August 6, 2020
It’s often said that 80% of all customers only use 20% of a product’s features. And the 20% of features that do get used might not truly meet customers’ needs. It’s amazing to think of all the time, money, and effort that is wasted developing features with little to no benefit to the customer. Why are there so many devices and software products bloated with unused or unsatisfactory features? And why are these features present while more important and/or useful ones are underdeveloped or missing entirely?
Henry Ford is reputed to have said, “If I had asked people what they wanted, they would have said faster horses.” Unfortunately, some project teams interpret this as, “There’s no point in talking to customers because they don’t know what they want.” It is true that most customers are not very good at articulating solutions to their problems. Additionally, most people are not designers nor engineers. Asking customers, “What do you want?” will rarely yield the most insightful results. A more effective way to understand customers’ true needs is to observe them doing their jobs and ask the right questions early on during a product’s development. This will allow you to really understand the key challenges customers face and be able to identify and prioritize solutions that offer maximum value to the customer.
Discovering customer needs through observation and interviews
Most medical device companies that follow design controls incorporate a customer-centered design approach in which customers, environments, and tasks are identified and described early in the product development process. Another common practice is starting with a design and then writing requirements to fit the design with the assumption that formative usability testing will validate the user needs or identify new ones. It’s very tempting to dive straight into developing customer and/or product requirements and design, while thinking formative usability testing of prototypes (or worse, late validation testing with final designs) will adequately gauge customer satisfaction levels. However, jumping immediately into designing is unlikely to help you identify unmet or missing customer needs; customers are only able to react and respond to design solution A or B, when what they might really need is non-existent design C. Even if some customers can describe a solution that provides them with better value or benefit, it’s often too late or expensive for the manufacturer to change course.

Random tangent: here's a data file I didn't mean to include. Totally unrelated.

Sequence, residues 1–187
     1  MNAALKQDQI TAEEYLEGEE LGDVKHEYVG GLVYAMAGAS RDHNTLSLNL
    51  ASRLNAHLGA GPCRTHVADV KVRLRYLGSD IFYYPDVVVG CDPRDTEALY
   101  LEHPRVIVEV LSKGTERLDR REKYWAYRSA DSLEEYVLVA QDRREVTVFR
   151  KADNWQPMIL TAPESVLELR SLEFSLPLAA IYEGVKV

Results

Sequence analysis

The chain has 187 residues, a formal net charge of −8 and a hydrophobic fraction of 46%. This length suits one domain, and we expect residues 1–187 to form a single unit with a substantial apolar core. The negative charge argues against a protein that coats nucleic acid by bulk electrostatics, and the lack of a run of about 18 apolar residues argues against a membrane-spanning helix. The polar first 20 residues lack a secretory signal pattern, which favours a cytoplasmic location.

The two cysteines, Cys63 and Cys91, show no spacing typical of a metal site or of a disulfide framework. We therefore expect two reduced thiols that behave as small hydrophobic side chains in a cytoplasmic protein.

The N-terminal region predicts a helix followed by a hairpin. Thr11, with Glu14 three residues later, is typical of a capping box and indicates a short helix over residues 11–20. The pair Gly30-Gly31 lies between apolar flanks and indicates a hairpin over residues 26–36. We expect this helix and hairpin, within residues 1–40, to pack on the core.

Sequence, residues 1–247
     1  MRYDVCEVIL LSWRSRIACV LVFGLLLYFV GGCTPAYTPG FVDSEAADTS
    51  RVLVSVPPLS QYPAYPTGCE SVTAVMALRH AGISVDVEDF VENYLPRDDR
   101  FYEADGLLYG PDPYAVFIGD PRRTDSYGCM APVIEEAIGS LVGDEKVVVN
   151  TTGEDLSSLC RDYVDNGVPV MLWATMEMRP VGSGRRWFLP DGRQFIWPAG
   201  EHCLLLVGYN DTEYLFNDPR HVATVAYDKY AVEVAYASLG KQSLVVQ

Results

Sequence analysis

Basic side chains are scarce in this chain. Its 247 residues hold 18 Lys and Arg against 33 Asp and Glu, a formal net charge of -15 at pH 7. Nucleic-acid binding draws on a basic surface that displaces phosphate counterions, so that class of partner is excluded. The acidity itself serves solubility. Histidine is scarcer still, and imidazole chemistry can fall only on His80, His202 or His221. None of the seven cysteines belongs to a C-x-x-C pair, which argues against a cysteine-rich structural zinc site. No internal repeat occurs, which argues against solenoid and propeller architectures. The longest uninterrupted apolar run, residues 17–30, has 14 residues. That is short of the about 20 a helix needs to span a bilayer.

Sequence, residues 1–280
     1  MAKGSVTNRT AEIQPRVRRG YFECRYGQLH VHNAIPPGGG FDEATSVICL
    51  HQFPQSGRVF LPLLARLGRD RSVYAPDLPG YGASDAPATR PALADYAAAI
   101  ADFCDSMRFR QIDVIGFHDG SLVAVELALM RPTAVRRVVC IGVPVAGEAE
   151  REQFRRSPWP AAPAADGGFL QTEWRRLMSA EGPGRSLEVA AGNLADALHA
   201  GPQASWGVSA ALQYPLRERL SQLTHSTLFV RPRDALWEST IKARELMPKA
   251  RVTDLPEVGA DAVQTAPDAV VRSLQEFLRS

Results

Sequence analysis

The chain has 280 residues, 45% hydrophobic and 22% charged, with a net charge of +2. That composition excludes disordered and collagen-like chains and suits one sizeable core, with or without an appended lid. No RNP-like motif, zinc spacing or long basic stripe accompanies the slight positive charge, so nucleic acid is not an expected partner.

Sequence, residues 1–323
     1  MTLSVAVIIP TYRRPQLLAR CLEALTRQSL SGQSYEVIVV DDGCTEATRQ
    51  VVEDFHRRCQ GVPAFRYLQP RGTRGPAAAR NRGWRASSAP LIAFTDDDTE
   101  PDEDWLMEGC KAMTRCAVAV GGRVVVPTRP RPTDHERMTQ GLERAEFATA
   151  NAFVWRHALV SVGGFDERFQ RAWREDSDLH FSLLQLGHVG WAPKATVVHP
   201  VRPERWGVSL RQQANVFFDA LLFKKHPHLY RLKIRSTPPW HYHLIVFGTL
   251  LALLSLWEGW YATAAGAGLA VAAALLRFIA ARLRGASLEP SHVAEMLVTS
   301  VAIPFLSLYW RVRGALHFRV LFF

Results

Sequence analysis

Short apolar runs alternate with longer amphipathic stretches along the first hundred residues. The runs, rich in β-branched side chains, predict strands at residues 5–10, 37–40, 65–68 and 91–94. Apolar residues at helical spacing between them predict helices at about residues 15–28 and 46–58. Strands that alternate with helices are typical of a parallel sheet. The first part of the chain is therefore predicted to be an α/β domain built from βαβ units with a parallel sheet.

So, how should manufacturers avoid these common pitfalls? Companies should first aim to understand customer needs independent of a potential solution. After defining customers/users, environments, and a preliminary or existing workflow, the project team needs to go and observe customers in their own environments performing their tasks. The team may observe needs or problems the customers did not even know they had and, therefore, could not have mentioned in an interview alone. After your observations, interview customers about what is working and not working well when performing their tasks, as well as what success would look like to them. When customers state needs in the form of a solution, the project team should respectfully ask the customer, “Why? What value or benefit would that provide you?” to discover the unspoken need and associated benefit. Observations paired with interviews enable the collection of both objective (observed) and subjective (solicited) information to help identify customer problems, needs, desires, benefits, and opportunities for improvement.
Listing and ranking customer needs before beginning to design
Project teams should take care to write the customer requirements as true needs and not actually a list of “features” in disguise. For example, “The patient needs an instruction manual” is a feature or solution that fulfills a need. The need is actually, “The patient needs to know how to correctly and safely manage their therapy.” Writing customer requirements as a need rather than a design solution enables the design team to consider a variety of solutions to fulfill this need such as video, labeling, or even augmented reality. But we’re not ready to start designing features yet. The customer needs should be prioritized first.
Once the project team identifies a wide range of needs, the next step is to prioritize the needs, considering which ones, when satisfied, are expected to provide the most value to the customer. These needs deserve the most attention for development. Less important needs could be considered for future development or eliminated altogether. There are many tools and methodologies that help teams quantitatively rank and prioritize customer needs, such as surveys or interviews utilizing the Kano Model, Pareto analysis, or various scales such as constant sum scale or direct rating. Risk analysis tools such as Failure Mode and Effects Analysis (FMEA) or Fault Tree Analysis may also be used. Many project teams do perform some type of prioritization exercise that includes participation from internal and external customers. But again, these should be, at least at first, a prioritization of needs rather than features.
Manufacturers can not only avoid costly rework and missed market opportunities but can also develop products with features that matter most to customers when they involve users before writing requirements. By discovering customer needs first and then translating the prioritized needs into solutions, the manufacturer may focus design efforts on features that maximize value, benefits, and satisfaction for the customer. Even Henry Ford would have agreed with that!
Jonathan Avedikian is Lead Human Factors Specialist in Emergo by UL's Human Factors Research & Design division.